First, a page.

For Ever and for Everyone: Managing Historic Gardens in the 21st Century by Simon Gulliver
Simon is a Gardens and Parks Consultant for the National Trust, responsible for advising on the development of 20 historic gardens in the West and North Midlands.Previously Simon also worked for NT Northwest region covering gardens in the Lakes and Cheshire
The talk will focus on how the National Trust manage their historic gardens and the plant collections they contain, his work as a Gardens Advisor, and how as a team they manage gardens in the Midlands and North West
Thursday 26th January 2023
Weoley Hill Ltd – the story of a Bournville Village
Using pictures from various archives Bob tells the story of housing provision in Bournville promoted by the ideals of George and Richard Cadbury. Weoley Hill, one of the earliest developments on the Bourneville Estate was conceived as an estate of privately owned houses not specifically for Cadbury employees. Weoley Hill has been the home of several Cadbury family members over the years and has some interesting gardens, several of which open annually as part of the National Garden Scheme.
Wednesday 8th February 2023
Grand Old Mansion – Aston Hall and the people who called it home
Aston Hall is a magnificent Grade 1 listed mansion house and one of Birminghams most iconic buildings. Rik will start his talk by telling us about the construction of Aston Hall and about Sir Thomas Holt. After the break he will tell us about the people who lived there and its life as a museum.
Thursday 23rd February 2023
Stourbridge Glassmakers, their history and their legacy
Dr Kate Round
I tell of the growth of our glass industry from Medieval Forest Glass and the integration of expert Hugenot glassmakers, from the development of discrete industries making utility bottles, glasses, and windows to the fine crystal tableware for which Stourbridge is renowned. Why did the industry diversify? How did the revolution of regulations, laws, taxes, materials, fashions and demand, change the industry? The ingenious artisans of Stourbridge faced those changes: mastered, honed and augmented their skills and their expertise and the artistry has left a legacy that is celebrated worldwide.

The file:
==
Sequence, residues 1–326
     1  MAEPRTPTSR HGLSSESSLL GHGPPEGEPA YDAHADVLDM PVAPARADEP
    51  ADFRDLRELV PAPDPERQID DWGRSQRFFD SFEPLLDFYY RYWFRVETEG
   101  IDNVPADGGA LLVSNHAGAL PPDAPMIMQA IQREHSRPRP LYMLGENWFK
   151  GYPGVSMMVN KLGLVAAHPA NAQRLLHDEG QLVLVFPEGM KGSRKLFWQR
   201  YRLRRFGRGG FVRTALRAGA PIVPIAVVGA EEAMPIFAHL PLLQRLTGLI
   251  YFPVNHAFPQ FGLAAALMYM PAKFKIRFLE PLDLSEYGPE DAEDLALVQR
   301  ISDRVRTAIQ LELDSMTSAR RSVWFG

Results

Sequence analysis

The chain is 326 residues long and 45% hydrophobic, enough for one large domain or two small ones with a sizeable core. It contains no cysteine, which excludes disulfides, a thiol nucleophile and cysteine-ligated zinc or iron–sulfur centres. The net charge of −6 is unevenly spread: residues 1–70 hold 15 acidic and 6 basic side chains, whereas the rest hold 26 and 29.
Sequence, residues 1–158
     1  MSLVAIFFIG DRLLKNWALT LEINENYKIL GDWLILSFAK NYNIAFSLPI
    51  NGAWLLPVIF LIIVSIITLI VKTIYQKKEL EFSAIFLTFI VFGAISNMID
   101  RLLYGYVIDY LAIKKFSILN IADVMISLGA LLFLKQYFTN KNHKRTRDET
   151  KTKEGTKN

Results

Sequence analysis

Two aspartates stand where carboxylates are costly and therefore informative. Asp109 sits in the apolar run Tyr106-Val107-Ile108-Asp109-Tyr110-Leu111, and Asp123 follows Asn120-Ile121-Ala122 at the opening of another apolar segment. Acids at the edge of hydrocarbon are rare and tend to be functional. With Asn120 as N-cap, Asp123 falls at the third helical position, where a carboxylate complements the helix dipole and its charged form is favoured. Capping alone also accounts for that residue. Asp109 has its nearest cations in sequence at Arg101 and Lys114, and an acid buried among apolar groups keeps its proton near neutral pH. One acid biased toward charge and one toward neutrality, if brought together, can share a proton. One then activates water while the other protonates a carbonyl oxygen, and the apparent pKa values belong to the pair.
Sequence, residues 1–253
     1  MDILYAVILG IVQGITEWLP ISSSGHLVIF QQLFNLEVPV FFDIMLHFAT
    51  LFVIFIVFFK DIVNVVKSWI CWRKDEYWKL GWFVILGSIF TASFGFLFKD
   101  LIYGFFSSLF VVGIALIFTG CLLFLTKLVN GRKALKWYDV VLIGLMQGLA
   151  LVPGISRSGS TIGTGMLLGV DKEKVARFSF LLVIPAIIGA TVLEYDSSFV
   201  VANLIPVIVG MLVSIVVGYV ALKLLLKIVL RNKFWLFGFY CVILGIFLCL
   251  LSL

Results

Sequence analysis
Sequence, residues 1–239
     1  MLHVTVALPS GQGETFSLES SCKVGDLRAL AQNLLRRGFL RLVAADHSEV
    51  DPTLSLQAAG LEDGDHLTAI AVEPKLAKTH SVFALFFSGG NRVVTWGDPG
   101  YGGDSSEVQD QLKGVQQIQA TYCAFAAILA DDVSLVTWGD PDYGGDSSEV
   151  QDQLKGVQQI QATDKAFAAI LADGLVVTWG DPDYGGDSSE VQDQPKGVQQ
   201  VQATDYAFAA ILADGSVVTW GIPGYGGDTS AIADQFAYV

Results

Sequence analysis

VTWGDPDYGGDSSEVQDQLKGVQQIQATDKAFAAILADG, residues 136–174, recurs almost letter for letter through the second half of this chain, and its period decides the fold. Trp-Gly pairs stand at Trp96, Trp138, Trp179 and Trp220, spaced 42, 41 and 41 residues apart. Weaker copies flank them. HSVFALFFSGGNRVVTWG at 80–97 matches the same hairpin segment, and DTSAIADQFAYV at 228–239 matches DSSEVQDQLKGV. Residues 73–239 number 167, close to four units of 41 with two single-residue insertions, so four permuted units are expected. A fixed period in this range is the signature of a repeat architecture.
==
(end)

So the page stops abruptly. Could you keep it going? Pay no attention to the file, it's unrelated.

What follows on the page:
Wednesday 8th March 2023
Volunteer at The Firs –
Richard Westwood Brookes
ELGAR THE COMPOSER YOU NEVER KNEW
Elgar is well known for his ceremonial pieces such as ‘Land of Hope and Glory’ and ‘Nimrod’.
In this talk Elgar’s biographer Richard Westwood-Brooks explains his life, how he rose from nothing to be one of the world’s greatest composers, and the challenges he faced along the way. It will also show that despite his image as the perfect Edwardian Gentleman, underneath Elgar was a very emotional and creative composer. With the aid of some examples of his music, Richard will demonstrate that underneath that ceremonial veneer was a remarkable musical genius and a composer which perhaps you never knew.
Thursday 23rd March 2023
Women in Science and Medicine Catrin Rutland
Every so often women in Science, Medicine and Engineering get little press coverage, but how many female scientists can you name? This talk looks at women in history, and those researching today. It shows the huge impact that women have had in the scientific fields, discusses some of the problems they have overcome, and looks into the future. Are women always a minority in the sciences? How can we encourage young women to get involved?
If you wish to look at lectures from last season, visit our Archive page (see top menu)